History

Sketches from a Secret War

Aspiring artist turned intelligence operative, powerful statesman, and underground activist, Henryk Józewski was an instrumental figure in the battle for Polish independence during the tumultuous decades of the early and mid twentieth century. He put down his paintbrush long enough to direct Polish intelligence in Ukraine, govern the borderland region

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In Memoriam: William Sloane Coffin, Jr.

“The world is too dangerous for anything but truth and too small for anything but love.” – William Sloane Coffin, Jr. The Rev. William Sloane Coffin, Jr., a magnet for controversy, the media, and followers, and the premier voice of northern religious liberalism for more than a quarter-century, died yesterday

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The Revenge of Thomas Eakins

Thomas Eakins was misunderstood in life, his brilliant work earned little acclaim, and hidden demons tortured and drove him. Yet the portraits he painted more than a century ago captivate us today, and he is now widely acclaimed as the finest portrait painter our nation has ever produced. The Revenge

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“America at the Crossroads” in the Limelight

Francis Fukuyama’s new book, America at the Crossroads: Democracy, Power, and the Neoconservative Legacy, was featured on the cover of this past weekend’s edition of the New York Times Book Review. “Fukuyama is always worth reading,” the reviewer concludes, “and his new book contains ideas that I hope the non-neoconservatives

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Interview with Matthew Levitt

Matthew Levitt, author of the forthcoming book Hamas: Politics, Charity, and Terrorism in the Service of the Jihad, was interviewed last week by the Washington-based Council on Foreign Relations. Levitt, who wrote his book while serving as senior fellow and director of terrorism studies at the Washington Institute for Near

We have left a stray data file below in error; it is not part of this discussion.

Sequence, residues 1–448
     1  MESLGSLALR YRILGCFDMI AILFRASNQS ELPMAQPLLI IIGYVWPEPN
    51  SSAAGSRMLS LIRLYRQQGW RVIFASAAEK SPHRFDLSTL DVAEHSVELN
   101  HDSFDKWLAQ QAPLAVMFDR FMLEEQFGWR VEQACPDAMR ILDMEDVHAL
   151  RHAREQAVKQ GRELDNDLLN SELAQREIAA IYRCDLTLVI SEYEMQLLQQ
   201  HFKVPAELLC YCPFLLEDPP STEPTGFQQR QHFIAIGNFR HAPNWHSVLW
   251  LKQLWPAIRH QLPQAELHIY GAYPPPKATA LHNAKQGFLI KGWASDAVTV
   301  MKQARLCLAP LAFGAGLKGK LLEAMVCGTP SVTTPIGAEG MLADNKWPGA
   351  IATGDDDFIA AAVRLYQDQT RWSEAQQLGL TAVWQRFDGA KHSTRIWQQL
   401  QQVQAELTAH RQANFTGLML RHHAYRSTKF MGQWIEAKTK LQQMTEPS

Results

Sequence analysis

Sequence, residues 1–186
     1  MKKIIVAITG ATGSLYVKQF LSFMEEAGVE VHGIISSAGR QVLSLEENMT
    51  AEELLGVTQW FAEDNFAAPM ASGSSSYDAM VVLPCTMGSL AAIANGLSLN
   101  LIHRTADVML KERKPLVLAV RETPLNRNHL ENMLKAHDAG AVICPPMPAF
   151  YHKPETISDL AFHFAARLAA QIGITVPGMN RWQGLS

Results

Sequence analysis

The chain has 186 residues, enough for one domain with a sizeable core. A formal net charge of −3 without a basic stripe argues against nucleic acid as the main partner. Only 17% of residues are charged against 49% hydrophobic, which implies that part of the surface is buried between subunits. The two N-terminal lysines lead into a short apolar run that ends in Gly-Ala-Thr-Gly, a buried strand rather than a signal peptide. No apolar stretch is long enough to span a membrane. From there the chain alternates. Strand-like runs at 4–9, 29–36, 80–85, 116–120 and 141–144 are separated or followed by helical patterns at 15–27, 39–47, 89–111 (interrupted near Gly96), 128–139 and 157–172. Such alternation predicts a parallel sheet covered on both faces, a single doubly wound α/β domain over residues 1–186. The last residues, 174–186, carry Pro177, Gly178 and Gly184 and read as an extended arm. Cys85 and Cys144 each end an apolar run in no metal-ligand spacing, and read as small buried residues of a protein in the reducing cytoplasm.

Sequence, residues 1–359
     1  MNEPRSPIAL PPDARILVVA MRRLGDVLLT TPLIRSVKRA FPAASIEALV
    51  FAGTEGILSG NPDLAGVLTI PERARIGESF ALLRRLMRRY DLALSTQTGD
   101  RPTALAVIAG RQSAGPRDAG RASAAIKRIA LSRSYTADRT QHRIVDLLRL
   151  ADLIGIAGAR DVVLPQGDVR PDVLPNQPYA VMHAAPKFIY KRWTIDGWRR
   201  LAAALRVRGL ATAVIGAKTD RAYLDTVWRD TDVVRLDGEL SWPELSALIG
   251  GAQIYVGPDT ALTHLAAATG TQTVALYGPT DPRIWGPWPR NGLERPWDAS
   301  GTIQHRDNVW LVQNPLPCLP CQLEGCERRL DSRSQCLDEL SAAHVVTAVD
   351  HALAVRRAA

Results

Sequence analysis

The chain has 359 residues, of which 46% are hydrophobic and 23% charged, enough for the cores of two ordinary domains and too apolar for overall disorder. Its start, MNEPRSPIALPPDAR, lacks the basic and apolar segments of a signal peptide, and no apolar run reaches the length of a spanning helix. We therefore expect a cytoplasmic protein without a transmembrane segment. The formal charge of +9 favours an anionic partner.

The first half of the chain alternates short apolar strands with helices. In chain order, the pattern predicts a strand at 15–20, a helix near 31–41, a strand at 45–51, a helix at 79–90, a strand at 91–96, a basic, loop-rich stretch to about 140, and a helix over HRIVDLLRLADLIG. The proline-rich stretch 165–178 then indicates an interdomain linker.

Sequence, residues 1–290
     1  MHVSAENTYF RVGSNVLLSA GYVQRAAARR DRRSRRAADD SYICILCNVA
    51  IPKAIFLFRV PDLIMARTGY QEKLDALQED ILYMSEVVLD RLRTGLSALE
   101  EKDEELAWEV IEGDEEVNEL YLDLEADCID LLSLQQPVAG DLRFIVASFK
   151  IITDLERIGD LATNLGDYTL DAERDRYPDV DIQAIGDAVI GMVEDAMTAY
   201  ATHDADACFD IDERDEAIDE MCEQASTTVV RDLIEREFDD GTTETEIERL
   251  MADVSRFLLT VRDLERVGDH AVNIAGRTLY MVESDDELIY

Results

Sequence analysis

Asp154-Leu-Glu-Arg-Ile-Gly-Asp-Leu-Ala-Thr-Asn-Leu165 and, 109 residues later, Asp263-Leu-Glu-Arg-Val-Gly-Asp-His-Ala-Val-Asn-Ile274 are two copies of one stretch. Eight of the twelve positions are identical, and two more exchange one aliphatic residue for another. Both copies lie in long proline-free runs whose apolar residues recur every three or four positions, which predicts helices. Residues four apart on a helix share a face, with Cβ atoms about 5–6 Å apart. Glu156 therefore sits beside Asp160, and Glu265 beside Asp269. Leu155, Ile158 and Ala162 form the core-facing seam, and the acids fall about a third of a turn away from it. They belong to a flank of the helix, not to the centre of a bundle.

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Finding Support in Male-Dominated Fields

If I’m not busy every second of every day, it seems that I’m not working hard enough.  Maybe having a fulfilling personal life is incompatible with a successful career.   I feel like an emotional cafeteria, responding to what others want.  I feel responsible for everything but have no power

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Dwelling Place Wins Prestigious Bancroft Prize

Columbia University recently announced the winners of the 2006 Bancroft Prize in American History.  Yale University Press is pleased to announce that one of this year’s recipients is Dwelling Place: A Plantation Epic by Erskine Clarke. Encompassing the years 1805 to 1869, Dwelling Place brings to life the simultaneous but

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Before the Next Attack: Preserving Civil Liberties in an Age of Terrorism

An editorial in today’s New York Times states, “[President] Bush’s decision after 9/11 that he had the power to put prisoners beyond the reach of the law at his choosing was the first attempt to suspend habeas corpus on American territory since the Civil War.” It continues: The retired Justice

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Dwelling Place Wins Bancroft Prize

It was announced this week that Erskine Clarke’s Dwelling Place: A Plantation Epic, a narrative history of four generations of a plantation’s inhabitants–white and black–in Liberty County, Georgia, from 1805 to 1869, is among this year’s winners of the prestigious Bancroft Prize. The Bancroft Prize, established in 1948, is awarded

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Kakutani on Fukuyama

In the latest review of America at the Crossroads, Michiko Kakutani writes in the New York Times that Francis Fukuyama, “serves up a powerful indictment of the Bush administration’s war in Iraq and the role that neoconservative ideas — concerning preventive war, benevolent hegemony and unilateral action — played in

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